In one of my favorite cases, a St. Louis man beat the red-light camera charge against him by raising reasonable doubt as to who was driving his car when it was photographed running a red light.
Gant Bloom is not an attorney, but he put on a marvelously succinct and logical defense. The court transcript of the Bloom trial is 36 pages long, with 33 of those pages taken up with questions, testimony and summations by Bloom and the prosecutor. Bloom’s defense was laid out in only nine pages, while the prosecutor labored through the other twenty-four. (For an entertaining read, take a look at the entire transcript.)
Bloom’s defense was startling in its simplicity. The photo evidence from the city provided an image of his car, but not of the driver. He testified that both he and his girlfriend drove his car at various times, and since the ticket came in the mail a month after the actual incident, Bloom could not remember which of the two was driving when the car went through the red light.
Gant called his girlfriend to the stand and elicited testimony that the two of them sat down after receiving the ticket and honestly tried to deter¬mine who was driving. They couldn’t.
His opening statement included a summary of his strategy. “I decided it just wasn’t fair for me to admit guilt to something that I didn’t even know if I did or not,” Bloom said. “The only physical evidence that the prosecution is going to show you is that it was my car running through a red light. That I don’t deny.”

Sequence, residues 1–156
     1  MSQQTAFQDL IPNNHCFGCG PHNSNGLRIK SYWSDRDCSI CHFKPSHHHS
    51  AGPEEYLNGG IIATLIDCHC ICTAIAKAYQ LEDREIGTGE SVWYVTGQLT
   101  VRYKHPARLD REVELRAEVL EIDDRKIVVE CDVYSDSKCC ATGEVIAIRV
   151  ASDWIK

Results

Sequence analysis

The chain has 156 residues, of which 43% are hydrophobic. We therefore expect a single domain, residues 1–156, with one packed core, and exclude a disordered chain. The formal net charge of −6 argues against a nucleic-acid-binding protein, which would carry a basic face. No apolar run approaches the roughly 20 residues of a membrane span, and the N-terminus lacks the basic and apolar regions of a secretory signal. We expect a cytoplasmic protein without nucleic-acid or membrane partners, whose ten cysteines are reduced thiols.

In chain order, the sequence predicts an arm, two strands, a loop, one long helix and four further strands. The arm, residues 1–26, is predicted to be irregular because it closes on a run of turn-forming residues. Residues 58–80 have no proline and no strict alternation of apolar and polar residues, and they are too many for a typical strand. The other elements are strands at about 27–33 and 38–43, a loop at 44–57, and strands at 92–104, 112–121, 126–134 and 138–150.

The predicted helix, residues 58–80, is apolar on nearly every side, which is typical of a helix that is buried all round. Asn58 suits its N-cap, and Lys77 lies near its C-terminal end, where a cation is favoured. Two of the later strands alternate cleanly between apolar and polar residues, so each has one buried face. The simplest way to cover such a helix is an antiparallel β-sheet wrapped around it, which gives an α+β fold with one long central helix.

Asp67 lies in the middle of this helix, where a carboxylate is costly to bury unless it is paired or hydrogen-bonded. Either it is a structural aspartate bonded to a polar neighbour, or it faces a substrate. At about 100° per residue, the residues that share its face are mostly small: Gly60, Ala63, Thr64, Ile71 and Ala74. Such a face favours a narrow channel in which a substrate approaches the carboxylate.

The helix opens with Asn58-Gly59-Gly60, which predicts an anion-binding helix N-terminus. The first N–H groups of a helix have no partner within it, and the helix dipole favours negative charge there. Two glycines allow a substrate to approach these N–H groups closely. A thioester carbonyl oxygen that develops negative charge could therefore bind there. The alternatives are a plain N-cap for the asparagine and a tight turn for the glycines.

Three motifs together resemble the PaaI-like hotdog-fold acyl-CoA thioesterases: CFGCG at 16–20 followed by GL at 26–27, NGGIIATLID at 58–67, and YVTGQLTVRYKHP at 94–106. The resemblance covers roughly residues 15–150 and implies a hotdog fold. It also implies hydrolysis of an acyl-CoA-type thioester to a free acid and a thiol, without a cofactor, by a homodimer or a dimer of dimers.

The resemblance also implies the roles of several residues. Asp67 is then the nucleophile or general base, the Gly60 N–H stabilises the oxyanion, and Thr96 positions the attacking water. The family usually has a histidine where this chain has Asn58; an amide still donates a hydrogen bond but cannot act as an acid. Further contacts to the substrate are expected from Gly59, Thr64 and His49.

He continued, “I don’t believe the City can satisfy this court that it was me who was driving and who committed that crime. And furthermore, I intend to demonstrate reasonable doubt that it was me driving that day.”
The prosecutor called a representative of American Traffic Solutions (ATS) to the stand and proceeded to ask detailed questions for several minutes about the operation of the red-light camera. Bloom’s cross-examination consisted of a single question:
Q: Sir, is there any way to tell who was driving the car at the time of the violation?
A: No, there isn’t.
The prosecutor then questioned a police officer about the evidence for another extended period. When Bloom was given the opportunity to question the officer, he asked if, during a physical traffic stop for running a light, the officer would attempt to identify the driver. The anwer was affirmative. Bloom then asked if the officer would issue a citation if he wasn’t able to identify the driver. The officer said, “No, if I couldn’t identify the driver, I wouldn’t issue a citation.”
Next question for the officer: “If you pulled a car over and found out it was a different driver than who was the registered owner of the car, would you issue a citation to the car, to the registered owner who is not driving, or would you issue the citation to whoever was driving the car.” The answer, of course, was that the officer would issue the citation to the driver.
The judge ruled, “The Court finds both witnesses (Bloom and his girlfriend) credible based on the testimony as well as common sense. Finding for Defendant. Costs to City of Saint Louis.”
Some of the lessons to be learned when fighting a photo ticket (other than having Gant Bloom represent you):
- Compare the local ordinances governing the photo enforcement program with actual operational details. Discrepancies are your ally.
- Understand the evidence. Does it depict what is being claimed by the prosecution?
- Most photo tickets violations have built-in reasonable doubt because the driver is rarely positively identified by the camera. Find a logical way to present this to the court.